Green Network is entirely new in existence. However, the story of how I started this “purpose-driven” company might actually have stretched for years. With the many building blocks that amounted to this idea, I consider my turning point to be the moment I received a Letter of Acceptance (LoA) from the Lee Kuan Yew School of Public Policy (LKYSPP) at the National University of Singapore (NUS), to pursue my education in Master of Public Policy (MPP) 2015-2017.
How It All Started
I didn’t have available funding to start my MPP program when I got the LoA in 2015. I shared my limitations with Mr. Nick Soriano, who was the Director of Admissions and Financial Aid at that time. He reviewed my case along with other aspirants, and I was fortunate to be chosen to seek the OCBC scholarship. The OCBC bank was one of the school’s partners in its endowment funds. It provided fully-funded scholarships for selected students from different countries in Asia to study in Singapore. He then recommended me to the bank selection committee for final interview selection. I remember he told me that “we cannot intervene in the result of your interview; it is 100% the bank’s decision.”
Long story short, I was finally interviewed by a panel of six selection committee members from the OCBC Bank. By the end of the interview, they allowed me to ask a question or make a statement should I have any. I made a statement and said, “I would be very grateful if I could get the scholarship. Not only that I’ll be able to start my study this year, but the scholarship will also break the ceilings as I’ll be the first person from my village who could pursue a master’s degree program, and even abroad! If I don’t get the scholarship, that’s fine, it won’t prevent me from pursuing my dream. I’ll always find a way.”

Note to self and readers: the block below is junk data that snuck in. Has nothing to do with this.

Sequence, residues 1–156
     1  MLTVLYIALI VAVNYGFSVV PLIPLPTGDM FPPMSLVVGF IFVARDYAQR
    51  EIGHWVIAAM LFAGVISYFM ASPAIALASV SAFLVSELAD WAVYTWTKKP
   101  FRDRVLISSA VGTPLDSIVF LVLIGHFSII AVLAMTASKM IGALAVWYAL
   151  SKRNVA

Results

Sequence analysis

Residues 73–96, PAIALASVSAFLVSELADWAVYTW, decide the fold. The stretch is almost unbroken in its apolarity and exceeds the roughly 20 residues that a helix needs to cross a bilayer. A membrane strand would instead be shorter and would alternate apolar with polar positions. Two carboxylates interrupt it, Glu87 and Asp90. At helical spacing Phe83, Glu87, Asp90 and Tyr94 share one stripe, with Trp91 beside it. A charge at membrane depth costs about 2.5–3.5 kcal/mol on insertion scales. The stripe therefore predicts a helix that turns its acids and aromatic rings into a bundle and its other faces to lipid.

Corporate Social Responsibility (CSR)
Thankfully, I passed the interview and ended up getting the fully-funded scholarship – OCBC Master International in Public Policy, thanks to the CSR of the OCBC Bank. And, thanks to the LKYSPP for the strategic collaboration with its partners, at least 80% of the students were studying with fully-funded scholarships and grants. That event was the first experience in my life where I benefited from a CSR firsthand. The two-year MPP program turned out to be a great leap in my life, a life-changing experience.
I learned from that experience that businesses with purpose like the OCBC Bank, whose founder was very concerned about education, could create a significant impact on someone’s life and society. By channeling their CSR into providing fully-funded scholarships, businesses like OCBC Bank have contributed to creating the so-called “positive externalities” for the world by generating scholars, professionals, activists, and entrepreneurs who are fully equipped with the knowledge and skills needed to be leaders in their fields.
A Passion to Support Sustainable Development
Like “power”, I have always believed that with “privilege” comes greater responsibility to give back to society. Sparked by that belief, I kept thinking about creating a social impact with the ‘privilege’ that I gained from my scholarship. It was a “painful” journey within myself to discover how I would serve society with the knowledge, skills, and expertise I gained from my education. Through some exposure, I ended up falling in love with sustainable development. I became passionate about topics related to the field and was quite obsessed with supporting it, including the global agenda Sustainable Development Goals.
I did independent and extensive research to learn about sustainable development that allowed me to see cross-discipline connections and gave me additional skills to be a “generalist”. I did voluntary advocacy work for teachers, helping them be aware of the issues surrounding the SDGs and how they could contribute at personal and organizational levels. These activities happened for some time until I came up with a need to establish a platform that would channel that passion and create strategic multi-stakeholder collaborations. I hope it would help accelerate the impact of purpose compared to my individual and disorganized activism. Overall, I wanted to do something bigger than myself.